Do you want to write something about KDE's memory usage? Simple, just follow these steps:
Really, it's as simple as that. So many people do it, you can too. See, for example, this review of KDE4.3. I have nothing against the review itself, since, I admit, I mostly skimmed over it, only two things caught my attention. First one was getting it backwards who copied from who the filtering feature in Present Windows compositing effect, which slightly amused me, and second one was the part talking about resources, which didn't.
The first item there is about kioslaves supposedly staying running for way too long, and it's not interesting here (although I like how it says "I suspect", like if checking it for real and then creating a bugreport is way too much work). The second item is about KWrited taking, imagine it, 18M of memory, and the last one is about the nVidia libraries wasting a good amount of memory, again.
Checking the KWrited item (I guess I was curious, or maybe bored) showed me several things. First of all, I don't have any KWrited daemon - openSUSE has libutempter, which allows building KWrited just as a KDED module. So instead I took KAccess, which should get similar treatment and not run on every system when it's mostly useless. Looking at numbers in top showed resident memory usage (RSS) 40M and shared memory usage (SHR) 25M. That was interesting for several reasons, like 40M being quite a lot, even for shared usage (since resident memory usage includes also all shared stuff, and so it doesn't really mean that much), or the fact that unshared memory usage for a small daemon being 40M-25M=15M is just plain rubbish.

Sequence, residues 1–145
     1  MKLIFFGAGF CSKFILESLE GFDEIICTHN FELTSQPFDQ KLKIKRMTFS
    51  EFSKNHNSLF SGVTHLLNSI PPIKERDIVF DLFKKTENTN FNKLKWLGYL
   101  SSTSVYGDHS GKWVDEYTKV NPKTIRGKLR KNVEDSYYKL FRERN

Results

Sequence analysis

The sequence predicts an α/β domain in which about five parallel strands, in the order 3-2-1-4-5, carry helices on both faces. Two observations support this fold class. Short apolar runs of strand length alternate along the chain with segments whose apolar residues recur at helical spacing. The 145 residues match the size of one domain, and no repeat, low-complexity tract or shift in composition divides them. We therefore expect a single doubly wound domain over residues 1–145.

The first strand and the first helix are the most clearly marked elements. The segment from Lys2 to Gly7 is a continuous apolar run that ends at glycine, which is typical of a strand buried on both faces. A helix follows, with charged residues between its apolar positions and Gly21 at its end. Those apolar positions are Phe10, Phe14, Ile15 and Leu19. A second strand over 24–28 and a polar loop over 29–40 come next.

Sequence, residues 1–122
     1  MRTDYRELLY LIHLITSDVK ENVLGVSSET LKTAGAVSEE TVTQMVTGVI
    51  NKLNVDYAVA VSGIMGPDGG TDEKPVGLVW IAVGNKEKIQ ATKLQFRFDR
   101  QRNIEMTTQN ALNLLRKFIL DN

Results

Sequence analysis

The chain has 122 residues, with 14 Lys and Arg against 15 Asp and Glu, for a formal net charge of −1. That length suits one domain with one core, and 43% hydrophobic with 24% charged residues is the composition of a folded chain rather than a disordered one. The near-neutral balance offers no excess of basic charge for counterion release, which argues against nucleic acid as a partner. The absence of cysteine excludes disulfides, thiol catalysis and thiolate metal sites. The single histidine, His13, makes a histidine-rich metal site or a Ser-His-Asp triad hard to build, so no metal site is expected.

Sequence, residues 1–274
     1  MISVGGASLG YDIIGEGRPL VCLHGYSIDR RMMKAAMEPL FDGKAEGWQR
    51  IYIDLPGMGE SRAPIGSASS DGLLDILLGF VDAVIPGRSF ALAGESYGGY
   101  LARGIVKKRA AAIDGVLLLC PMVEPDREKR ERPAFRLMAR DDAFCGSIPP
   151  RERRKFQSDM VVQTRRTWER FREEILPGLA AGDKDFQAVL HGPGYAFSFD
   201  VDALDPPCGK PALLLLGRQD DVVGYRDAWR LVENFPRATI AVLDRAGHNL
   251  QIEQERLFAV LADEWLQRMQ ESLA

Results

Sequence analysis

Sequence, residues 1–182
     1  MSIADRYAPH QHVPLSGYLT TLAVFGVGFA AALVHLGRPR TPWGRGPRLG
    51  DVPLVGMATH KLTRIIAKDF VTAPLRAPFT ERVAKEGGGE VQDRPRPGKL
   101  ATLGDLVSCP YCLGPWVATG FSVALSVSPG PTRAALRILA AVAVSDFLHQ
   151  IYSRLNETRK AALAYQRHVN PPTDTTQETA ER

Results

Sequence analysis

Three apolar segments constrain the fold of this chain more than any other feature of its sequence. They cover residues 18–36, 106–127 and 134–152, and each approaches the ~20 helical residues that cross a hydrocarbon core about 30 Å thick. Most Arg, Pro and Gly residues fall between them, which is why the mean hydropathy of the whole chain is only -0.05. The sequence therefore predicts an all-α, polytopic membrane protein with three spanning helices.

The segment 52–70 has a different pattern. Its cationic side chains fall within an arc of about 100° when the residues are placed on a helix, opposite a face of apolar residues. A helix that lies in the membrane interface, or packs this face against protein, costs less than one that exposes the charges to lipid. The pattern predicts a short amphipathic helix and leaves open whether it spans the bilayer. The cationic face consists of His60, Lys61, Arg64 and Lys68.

The 40M is actually easy to explain - it is loaded using kdeinit, so it includes all memory from the basic libraries that are preloaded by kdeinit and shared by everything it launches. That includes the ~10M unshared bonus from nVidia libGL libraries that kdeinit helps to share.
The seeming 15M of unshared memory was more interesting and strange. Checking /proc/PID/status confirmed that data of the process is nowhere near that and that there must be something wrong going on. Checking /proc/PID/smaps in details showed similar results, again nothing anywhere near 15M. It is also not nVidia, since the memory is marked as dirty, but shared. And then it suddenly was obvious. The kernel (since that is whose numbers top blindly repeats) doesn't consider dirty shared memory to be really shared. A major portion of the 15M is the position-fixing of the non-PIC nVidia libraries, and some of it is also memory taken by symbol-binding to libraries. If a shared memory is dirty, then it may be dirty, but it is still shared. It got dirty before kdeinit started forking off new processes for launching, so it must be shared. Checking with Exmap, the only memory tool I trust so far, confirms. It is still some memory taken (and still big enough for those who don't know which year it is), but it's much smaller than what it seemed like.
Now, no wonder pretty much nobody can get KDE's resource usage right, when both people don't understand it and tools report nonsense. As it is said, two wrongs don't make a right. Here, they usually just make only a bigger wrong.
So, John, I think I might know what you could add to KSysGuard, after all. You could try to make KSysGuard a memory measuring tool that, unlike the rest, doesn't suck and make people write nonsense about KDE's resource usage. The magic line, in bash terms, is:
Where PID is pid and TYPE is:
I hope this can work out for KSysGuard. I am slightly worried that fetching all these numbers from kernel will take too much time, but that needs to be tried. But, if it will work, do we all now know what will be so special about KSysguard?